Tribal Rights and Cultural Burning: Being a Respectful Fire Practitioner

Credit: Colleen Rossier, University of California — Davis
The Fire Adapted Communities Learning Network always has interesting pieces. This FAC article on traditional burning practices has a great many interesting links but they didn’t come through in copying here. I’ve put some excerpt below.

The FAC article reminded me of this story in the Colorado Springs Gazette:

This is the story of how Rich Snyder, a plumber and artist with a semi-nomadic lifestyle, came to reckon with America’s sins and reparations. Though he didn’t know it then, he would soon become one of the only people in the United States to pay reparations in land, an idea with growing popularity among indigenous scholars.

I know it’s an unpopular idea, but if people are talking about different kinds of land reparation for Native American Tribes, perhaps we should talk about whether (some part) of public lands (with what restrictions) should be on the table.

Anyway, back to the FAC post:

“This is the thing: If you have the option to not think about or even consider history, whether you learned it right or not, or whether it even deserves consideration, that’s how you know you’re on board the ship that serves hors d’oeuvres and fluffs your pillows, while others are out at sea, swimming or drowning, or clinging to little inflatable rafts that they have to take turns keeping inflated, people short of breath, who’ve never even heard of the words hors d’oeuvres or fluff.”
-Tommy Orange, There, There

If you’re working on fire adaptation, you should be pursuing respectful ways to learn about cultural burning. It’s part of this country’s history and ecology. The effectiveness of it as a stewardship tool has stood the test of time (Taylor et al., 2016 and Roos et al., 2018), and so have the horrendous implications of banning it.

A huge part of our wildfire problem has to do with denying indigenous communities of their right to burn their lands. It’s our duty as FAC practitioners to learn everything that indigenous communities want to teach us (without prying or taking advantage of the knowledge they do share) about cultural burning so that we can be better allies in their re-empowerment to steward their lands. I recently met Chook-Chook Hillman of the Karuk Tribe, and he put it this way: “Instead of asking, ‘How do you do X?’ start with, ‘Is it OK for me to know about X?’”
If you haven’t read it already, check out the United Nations Declaration on the Rights of Indigenous Peoples (which can be accessed online within a website dedicated to the declaration, or as a PDF — 150KB). Over a third of the articles within it discuss protecting and preserving indigenous culture. Like many UN declarations, it’s not legally binding, but it does establish impactful expectations and frameworks, and it has helped some countries better observe the rights of indigenous peoples. Here’s a helpful FAQ on it as well (PDF, 220KB).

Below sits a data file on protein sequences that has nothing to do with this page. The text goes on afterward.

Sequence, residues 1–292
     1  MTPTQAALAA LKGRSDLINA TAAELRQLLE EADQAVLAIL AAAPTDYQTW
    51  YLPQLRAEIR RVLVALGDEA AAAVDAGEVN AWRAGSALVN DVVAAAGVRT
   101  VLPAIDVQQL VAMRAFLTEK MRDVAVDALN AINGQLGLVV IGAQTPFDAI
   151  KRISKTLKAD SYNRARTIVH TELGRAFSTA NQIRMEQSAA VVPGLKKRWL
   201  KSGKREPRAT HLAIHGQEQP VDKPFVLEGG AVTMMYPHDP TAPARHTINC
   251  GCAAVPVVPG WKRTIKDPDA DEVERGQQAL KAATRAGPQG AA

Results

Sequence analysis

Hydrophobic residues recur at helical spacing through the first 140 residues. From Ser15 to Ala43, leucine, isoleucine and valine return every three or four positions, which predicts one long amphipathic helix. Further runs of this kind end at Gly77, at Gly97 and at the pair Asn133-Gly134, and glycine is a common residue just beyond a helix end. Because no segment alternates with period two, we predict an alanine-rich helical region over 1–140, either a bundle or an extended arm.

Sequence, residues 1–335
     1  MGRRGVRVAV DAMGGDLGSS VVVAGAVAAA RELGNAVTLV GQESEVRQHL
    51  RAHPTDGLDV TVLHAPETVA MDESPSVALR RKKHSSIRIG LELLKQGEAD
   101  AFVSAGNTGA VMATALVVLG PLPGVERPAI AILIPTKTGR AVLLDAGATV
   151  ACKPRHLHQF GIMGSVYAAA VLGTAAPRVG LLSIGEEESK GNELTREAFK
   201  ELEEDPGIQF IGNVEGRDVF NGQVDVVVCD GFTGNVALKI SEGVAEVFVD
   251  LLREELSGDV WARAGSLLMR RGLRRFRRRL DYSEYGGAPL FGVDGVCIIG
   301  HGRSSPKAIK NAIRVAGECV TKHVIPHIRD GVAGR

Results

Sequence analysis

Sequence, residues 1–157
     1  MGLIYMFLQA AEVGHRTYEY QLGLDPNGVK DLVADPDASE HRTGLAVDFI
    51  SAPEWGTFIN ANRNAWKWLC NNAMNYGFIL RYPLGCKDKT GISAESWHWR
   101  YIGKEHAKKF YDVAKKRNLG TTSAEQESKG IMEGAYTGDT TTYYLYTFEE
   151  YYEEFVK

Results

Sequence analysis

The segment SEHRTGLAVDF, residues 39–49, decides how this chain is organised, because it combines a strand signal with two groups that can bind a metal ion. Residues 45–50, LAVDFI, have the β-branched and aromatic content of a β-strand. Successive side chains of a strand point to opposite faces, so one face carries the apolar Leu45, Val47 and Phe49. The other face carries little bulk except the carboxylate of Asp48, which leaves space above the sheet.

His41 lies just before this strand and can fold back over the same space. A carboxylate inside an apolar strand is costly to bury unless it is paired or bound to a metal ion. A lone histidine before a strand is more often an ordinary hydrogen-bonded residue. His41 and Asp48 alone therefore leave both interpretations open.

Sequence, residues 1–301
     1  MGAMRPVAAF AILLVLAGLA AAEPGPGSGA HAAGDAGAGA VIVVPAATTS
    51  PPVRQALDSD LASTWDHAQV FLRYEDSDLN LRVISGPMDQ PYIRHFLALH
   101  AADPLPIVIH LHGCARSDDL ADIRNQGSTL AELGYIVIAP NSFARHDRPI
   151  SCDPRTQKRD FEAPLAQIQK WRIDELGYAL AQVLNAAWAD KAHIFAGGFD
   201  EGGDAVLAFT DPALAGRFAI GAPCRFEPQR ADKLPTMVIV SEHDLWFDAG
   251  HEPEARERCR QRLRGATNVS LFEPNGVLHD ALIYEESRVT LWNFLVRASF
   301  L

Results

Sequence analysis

Bill Tripp provides four examples of species who depend on fire, who the Karuk people in turn depend on (and steward with fire) in his blog, Integrating Traditional Ecological Knowledge and World Renewal Ceremonies into Fire Adaptation: An Indigenous Stewardship Model.

Wildfire mitigation efforts led by the Apache tribe provide an excellent example of when #wildfiremitigationworks. Or, as the Washington Times put it in their article, Apaches Stave Off Wildfires with Timber Industry, Active Forest Management:

“The catastrophic blazes that thrive in eastern Arizona’s thickly forested yet arid landscape have a way of fizzling once they jump from the dense national forests to the Apache reservations, and that’s not by chance.”

In Wildfire Prevention in Indian Country: Saving Lives While Respecting Tribal Lands, published by Indian Country Today, Jonathan Brooks, tribal forest manager with the Bureau of Indian Affairs’ Fort Apache Agency elaborates further:

“We have embraced a history, a culture, and a need for forest management to create a sustainable forest landscape adapted to the needs, demands and objectives of the White Mountain Apache Tribe and the forest itself that provides food, water, medicine and materials for survival as well as employment and economic gains for our people.

1 thought on “Tribal Rights and Cultural Burning: Being a Respectful Fire Practitioner”

  1. Sure does contradict a lot of the statements in the LA Times article posted by Matthew here

    The jist of the LA Times article seems to be “let it burn”. What the scientists quoted don’t seem to understand is their conclusions are based on a data set where there was minimal critical mass of forest management.

    On the other hand, a data set based on those lands in this post where Native Americans have been allowed to carry out traditional forest management practices produces lands where “The catastrophic blazes that thrive in eastern Arizona’s thickly forested yet arid landscape have a way of fizzling once they jump from the dense national forests to the Apache reservations, and that’s not by chance.”

    In addition, those quoted in the article posted here don’t seem to understand that one of the most basic principles of wildlife management & forest regeneration is the concept of increased edge effect & structural (age/height) diversity which results from more & therefore smaller interspersed patches providing more adjacency for access to habitat diversity. The patchiness / structural diversity inside a large catastrophic fire and the edge effect are significantly less than in a forest that is sustainably manged to keep stand densities & stand age/height heterogeneity at a level that will significantly reduce the risk of loss to insects, disease & wildfire as well as reducing the loss of life & health of those who live thousands of miles downwind.


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